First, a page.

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Photograph of Ardbeg Corryvreckan

Corryvreckan is the smokiest and most challenging whisky in the Ardbeg Core Range; it has a swirling undercurrent and rightly takes its name after a whirlpool off the coast of Islay. This whisky can be polarising, but does appeal to a lot of drinkers who don't usually like Ardbeg! The original idea was to use only french oak for maturation, which adds a lot of tannin and herbal notes, but risks drying the whisky out. Instead, the final Ardbeg Corryvreckan blend is roughly 30% fully matured in french oak, with the remainder in ex-bourbon casks. Bottled at 57.1% alcohol, Corryvreckan is an intense smoke-filled dram!

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Photograph of Ardbeg Distillery Uigeadail Whisky

Bottled at 54.2%, Ardbeg Uigeadail packs a punch. Balancing bourbon and sherry influences Uigeadail is a whisky that is favourite among diehard Ardbeg fans. Lots of smoke, lots of sherry, it has a smoked bacon influence, with a sweet after taste.

Where is Ardbeg Distillery?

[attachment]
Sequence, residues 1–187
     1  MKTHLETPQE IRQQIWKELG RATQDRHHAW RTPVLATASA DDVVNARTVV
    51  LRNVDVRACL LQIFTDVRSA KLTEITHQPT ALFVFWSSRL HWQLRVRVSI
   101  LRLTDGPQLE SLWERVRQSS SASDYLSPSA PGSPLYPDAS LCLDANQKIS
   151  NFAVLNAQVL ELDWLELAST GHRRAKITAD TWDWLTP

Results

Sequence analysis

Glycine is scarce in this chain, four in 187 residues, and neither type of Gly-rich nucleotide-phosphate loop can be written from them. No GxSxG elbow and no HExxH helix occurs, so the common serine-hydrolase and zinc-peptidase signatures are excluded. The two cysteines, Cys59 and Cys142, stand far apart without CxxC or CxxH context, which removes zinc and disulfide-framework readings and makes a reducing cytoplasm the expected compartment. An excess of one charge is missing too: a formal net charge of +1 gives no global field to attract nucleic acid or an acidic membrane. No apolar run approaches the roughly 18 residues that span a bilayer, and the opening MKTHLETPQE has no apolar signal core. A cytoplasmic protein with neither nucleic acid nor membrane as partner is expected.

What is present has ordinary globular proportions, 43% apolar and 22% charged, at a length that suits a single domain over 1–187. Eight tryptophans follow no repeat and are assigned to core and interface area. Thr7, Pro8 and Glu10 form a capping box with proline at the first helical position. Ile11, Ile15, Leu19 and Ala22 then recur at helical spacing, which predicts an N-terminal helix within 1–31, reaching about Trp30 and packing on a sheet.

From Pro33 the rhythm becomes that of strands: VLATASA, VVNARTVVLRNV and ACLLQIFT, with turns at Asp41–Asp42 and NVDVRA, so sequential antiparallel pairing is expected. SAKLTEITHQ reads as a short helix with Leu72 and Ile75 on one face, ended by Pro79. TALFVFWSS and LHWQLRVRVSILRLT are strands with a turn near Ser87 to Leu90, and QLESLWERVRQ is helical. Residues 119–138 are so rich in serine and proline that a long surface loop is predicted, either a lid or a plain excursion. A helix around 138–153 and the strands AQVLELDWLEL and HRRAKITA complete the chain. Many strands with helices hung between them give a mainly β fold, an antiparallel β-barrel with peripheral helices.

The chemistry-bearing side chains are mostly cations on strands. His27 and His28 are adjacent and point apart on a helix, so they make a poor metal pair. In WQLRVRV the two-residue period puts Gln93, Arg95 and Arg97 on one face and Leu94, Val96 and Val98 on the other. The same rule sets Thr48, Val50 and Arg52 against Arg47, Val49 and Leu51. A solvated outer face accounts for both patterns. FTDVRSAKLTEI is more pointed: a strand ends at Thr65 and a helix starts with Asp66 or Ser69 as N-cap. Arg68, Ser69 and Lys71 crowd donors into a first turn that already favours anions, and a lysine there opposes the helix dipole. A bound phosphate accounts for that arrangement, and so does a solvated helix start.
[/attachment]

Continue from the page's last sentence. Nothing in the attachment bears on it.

Ardbeg Distillery is 3.7 miles/5.9 km from Port Ellen, the third in the trio distilleries (Lagavulin and Laphroaig being the other two) on Islay's south-east coastline.

black and gold map of islay distilleries above a king size bed with black sheets and white and gold pillows

Posters and Fine Art Prints of Islay Whisky Maps | Made By Whisky Lovers For Whisky Lovers

Ardbeg Distillery Tours, Pricing & Bookings

Ardbeg Distillery is open 7 days until 31st August from 9.30am to 5pm. Make sure you book well in advance as tour group numbers are limited and it is a very popular distillery. To make a booking, send an email to distillery@ardbeg.com.  If you are trying to arrange a tour wit less than 48 hours notice, then you will need to telephone them on +44 (0) 1496 302244 during opening hours. The Old Kiln Cafe is currently not open, though there is the Ardstream Trailer for coffees/snacks.